What has gone wrong with Tewatia the batsman?
If the answer to ‘what has gone wrong with Tewatia’ were so straightforward, both he and Rajasthan would have fixed it by now. But it is worth delving into a few details of his struggles with the bat this season.
The biggest contributor to Tewatia's drastic drop in form with the bat has been just how much he has struggled against the quicker bowlers. Tewatia had his struggles against spin last season too, but he was indomitable against the quicker bowlers. He averaged 50.5 against pacers and struck at 160.32, getting dismissed only 4 times across 11 innings. In fact, 79.21% of his runs for the entire season came against the quicker bowlers.
The tale has been completely different this time around. Against the quicker bowlers, Tewatia’s average has dropped from 50.5 to 11. He has struck at under 125, has defended almost twice the number of balls and has played an absurd amount of dots.
What’s bizarre is that it is not even that the pacers have devised a different strategy for him this time around. Tewatia latched on to anything full (2-6 m) or on a good length (6-8m) in IPL 2020, and it is where the seamers have predominantly bowled to him this time around, sending 58% of deliveries between the 2m and 8m mark. And yet against those two types of deliveries, the southpaw has struggled in IPL 2021, scoring just 34 of 36 balls whilst getting dismissed thrice.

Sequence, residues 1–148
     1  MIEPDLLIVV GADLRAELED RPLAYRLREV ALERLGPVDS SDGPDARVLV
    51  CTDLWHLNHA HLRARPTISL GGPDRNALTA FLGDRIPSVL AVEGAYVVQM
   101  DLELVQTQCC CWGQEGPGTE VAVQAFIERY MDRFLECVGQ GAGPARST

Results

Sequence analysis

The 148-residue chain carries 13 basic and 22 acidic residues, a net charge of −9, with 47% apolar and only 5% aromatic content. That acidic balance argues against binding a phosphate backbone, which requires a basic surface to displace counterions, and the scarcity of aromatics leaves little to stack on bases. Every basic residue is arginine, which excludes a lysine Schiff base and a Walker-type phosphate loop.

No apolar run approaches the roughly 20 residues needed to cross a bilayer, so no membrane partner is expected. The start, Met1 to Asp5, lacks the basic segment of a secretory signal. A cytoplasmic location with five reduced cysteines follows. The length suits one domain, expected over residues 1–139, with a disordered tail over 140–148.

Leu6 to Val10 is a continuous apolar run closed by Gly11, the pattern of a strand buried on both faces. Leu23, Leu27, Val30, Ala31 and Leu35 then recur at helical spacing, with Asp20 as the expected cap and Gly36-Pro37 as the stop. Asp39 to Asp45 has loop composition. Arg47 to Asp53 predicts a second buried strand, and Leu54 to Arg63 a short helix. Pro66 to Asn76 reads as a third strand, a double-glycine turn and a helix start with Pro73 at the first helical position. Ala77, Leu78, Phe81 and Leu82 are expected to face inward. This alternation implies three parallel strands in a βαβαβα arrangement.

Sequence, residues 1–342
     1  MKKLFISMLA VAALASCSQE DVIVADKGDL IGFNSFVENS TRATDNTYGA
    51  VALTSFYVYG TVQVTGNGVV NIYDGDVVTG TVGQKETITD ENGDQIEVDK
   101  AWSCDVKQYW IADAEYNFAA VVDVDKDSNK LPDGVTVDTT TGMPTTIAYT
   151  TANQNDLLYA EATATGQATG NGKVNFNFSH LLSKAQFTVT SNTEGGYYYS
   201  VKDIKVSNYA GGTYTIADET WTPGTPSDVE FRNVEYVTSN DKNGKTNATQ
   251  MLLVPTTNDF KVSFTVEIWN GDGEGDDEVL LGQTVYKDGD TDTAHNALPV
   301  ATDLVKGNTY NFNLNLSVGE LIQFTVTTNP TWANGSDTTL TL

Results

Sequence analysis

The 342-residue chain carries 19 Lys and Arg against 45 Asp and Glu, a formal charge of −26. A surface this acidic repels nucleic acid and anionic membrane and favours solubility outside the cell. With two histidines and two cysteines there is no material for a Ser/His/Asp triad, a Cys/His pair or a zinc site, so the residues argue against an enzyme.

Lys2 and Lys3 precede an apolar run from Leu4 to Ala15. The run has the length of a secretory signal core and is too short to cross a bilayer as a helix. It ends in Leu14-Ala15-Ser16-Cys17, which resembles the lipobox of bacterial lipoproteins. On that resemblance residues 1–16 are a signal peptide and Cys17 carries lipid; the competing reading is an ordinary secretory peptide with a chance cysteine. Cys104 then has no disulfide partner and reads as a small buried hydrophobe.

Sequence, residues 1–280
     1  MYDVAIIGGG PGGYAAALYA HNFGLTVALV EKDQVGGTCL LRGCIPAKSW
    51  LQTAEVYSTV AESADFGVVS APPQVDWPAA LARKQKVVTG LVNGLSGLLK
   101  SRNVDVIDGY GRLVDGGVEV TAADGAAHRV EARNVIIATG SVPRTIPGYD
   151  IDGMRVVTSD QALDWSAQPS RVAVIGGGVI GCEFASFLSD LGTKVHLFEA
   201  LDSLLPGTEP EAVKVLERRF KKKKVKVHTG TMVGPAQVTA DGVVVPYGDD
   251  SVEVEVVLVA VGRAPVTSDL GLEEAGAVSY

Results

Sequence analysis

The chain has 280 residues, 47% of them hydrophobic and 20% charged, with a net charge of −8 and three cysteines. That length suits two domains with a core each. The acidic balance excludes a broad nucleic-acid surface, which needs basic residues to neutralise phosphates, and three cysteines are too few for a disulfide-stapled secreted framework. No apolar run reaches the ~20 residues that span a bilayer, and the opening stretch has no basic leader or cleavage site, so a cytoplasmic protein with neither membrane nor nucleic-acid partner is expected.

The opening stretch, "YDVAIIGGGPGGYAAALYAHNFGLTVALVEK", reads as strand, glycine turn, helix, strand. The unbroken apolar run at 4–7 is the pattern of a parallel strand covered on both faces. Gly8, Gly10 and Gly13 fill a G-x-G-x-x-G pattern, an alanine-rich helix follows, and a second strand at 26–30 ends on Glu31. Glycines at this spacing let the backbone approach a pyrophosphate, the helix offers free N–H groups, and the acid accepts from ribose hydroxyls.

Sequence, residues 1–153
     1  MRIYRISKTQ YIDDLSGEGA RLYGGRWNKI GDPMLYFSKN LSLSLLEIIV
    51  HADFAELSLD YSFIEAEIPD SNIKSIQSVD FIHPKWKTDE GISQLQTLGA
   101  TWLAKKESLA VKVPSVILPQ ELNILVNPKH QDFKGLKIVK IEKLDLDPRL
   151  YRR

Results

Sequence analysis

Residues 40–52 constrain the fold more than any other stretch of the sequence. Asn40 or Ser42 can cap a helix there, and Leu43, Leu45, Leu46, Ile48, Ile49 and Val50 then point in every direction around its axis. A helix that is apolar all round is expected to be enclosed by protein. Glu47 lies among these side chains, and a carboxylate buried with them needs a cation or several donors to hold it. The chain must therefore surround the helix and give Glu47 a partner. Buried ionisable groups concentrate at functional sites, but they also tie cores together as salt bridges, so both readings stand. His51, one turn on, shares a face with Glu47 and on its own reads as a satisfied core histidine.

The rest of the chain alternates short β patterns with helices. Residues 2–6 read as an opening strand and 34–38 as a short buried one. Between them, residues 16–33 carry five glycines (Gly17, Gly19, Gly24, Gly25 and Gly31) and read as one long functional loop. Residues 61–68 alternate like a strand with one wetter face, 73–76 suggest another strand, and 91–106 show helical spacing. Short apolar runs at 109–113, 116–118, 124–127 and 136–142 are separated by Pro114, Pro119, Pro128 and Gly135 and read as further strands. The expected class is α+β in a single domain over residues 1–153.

And it is not even that he has been swinging and missing. Quite inconceivably, Tewatia has defended a staggering 42.1% of the good length deliveries he’s faced this season. Last season, this very same figure stood at 4.8%.
In essence, there has been a glaring lack of intent and urgency with the bat this season on Tewatia’s part. Not just against the pacers, but against the spinners too.
As was mentioned earlier, Tewatia, despite having a great season in IPL 2020, still had his struggles against spin. He only got dismissed twice, but struck at a SR of just 93. What he did do, however, was try and rotate strike, at the very least.